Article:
I was in San Jose last week at TNNA. Here's a photo of Anzula's booth. You can see Celia trying to figure out what I am doing. In the foreground you can see their new bulky yarn, Burly. Celia joined me at the show. We had a great time. Getting home was a major thrash. You wouldn't think that a flight leaving at 1pm would be a red eye but that is what it turned out to be. Due to bad weather in Georgia, I didn't get home until 5am.
A couple of lessons were waiting for me when I got home but it didn't take me long to get caught up. I spent most of the week ordering yarn for the next issue of Cast On. It is a very time consuming process so I was glad I didn't receive a glut.
TIP OF THE WEEK
I reviewed several lessons which inspired this weeks topic. I've said it before that when it comes to weaving in yarn tails using the duplicate stitch method, you either see it immediately or you really have to work at it. As a reminder, the duplicate stitch method works very well for stockinette stitch as the yarn tail has the same elasticity as the surrounding stitches, it doesn't show through to the RS and it doesn't pull free. Most other methods don't do this. I've worked a swatch that has several different things I've seen in swatches lately. #1 shows a technique I saw in a lesson. The knitter was attempting the duplicate stitch but didn't quite get it. #4 and #5 are something you see in quite a few references. The tail is run diagonally through the stitches. It is elastic but it does show through. #2 shows duplicate stitch done correctly but rather than slightly split the stitches on the WS, the needle has gone under the stitches completely as you would for decorative duplicate stitch. #3 is where the yarn is split.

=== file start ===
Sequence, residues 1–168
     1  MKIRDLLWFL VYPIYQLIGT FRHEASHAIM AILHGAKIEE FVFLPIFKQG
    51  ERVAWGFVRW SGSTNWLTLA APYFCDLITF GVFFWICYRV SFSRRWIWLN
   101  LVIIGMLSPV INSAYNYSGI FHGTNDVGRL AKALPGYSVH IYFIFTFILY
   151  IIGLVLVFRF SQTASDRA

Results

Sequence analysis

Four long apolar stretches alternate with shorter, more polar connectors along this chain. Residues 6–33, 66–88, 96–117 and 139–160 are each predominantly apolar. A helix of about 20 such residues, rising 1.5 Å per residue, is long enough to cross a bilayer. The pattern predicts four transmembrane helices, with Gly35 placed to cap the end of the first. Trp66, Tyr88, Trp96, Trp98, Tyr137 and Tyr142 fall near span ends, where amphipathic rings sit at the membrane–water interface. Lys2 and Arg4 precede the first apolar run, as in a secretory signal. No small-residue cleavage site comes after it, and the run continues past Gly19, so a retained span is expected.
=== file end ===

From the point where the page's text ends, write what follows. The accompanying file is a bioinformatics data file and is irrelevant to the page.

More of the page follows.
And here is how the various techniques look on the RS. If your yarn tail is the same color as the rest of the yarn, the bleed through isn't the end of the world but it does look tacky. Notice that #2 doesn't look terrible but there is some bleed through. You don't see any purple on #3.
For students that are having a tough time with this, I recommend working a swatch like the one below.
The one row in a different color can help you see the true path of the yarn on the WS as this photograph shows. The video shows the technique in more detail. There are also LOTS of blog entries on this topic. Check the index. Duplicate Stitch
Salon will be on Sunday from 1:30-3:20. The Spalding donuts were a hit last time. This time I have all the goodies I picked up at TNNA. I love that they are doing Cash and Carry now, not that I need more yarn!
I finished up a hat for the KAL. I quite like it. I still have yarn left so I might make another one while I am waiting for my Cast On yarn to come. I also wound up knitting several hats for non-knitting friends. I forgot to get photos, alas.
I'm almost finished with Jan's B-day present, VERY LATE. She made a resolution this year to start wearing colored things. This falls into that category! I designed these socks eons ago. I called them Leaves of Spring which could describe the color as well!
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With Level 1, no problems were noted with my weaving in of yarn tails using duplicate stitch, however, reviewers had placed threads on several swatches at the path I took to get (from c/o or b/o row) far enough into the swatch to avoid incorporating either c/o or b/o into the dup. stitch. Could you please demonstrate the start of weaving in, using a yarn tail at the beginning or end of a swatch.ReplyDelete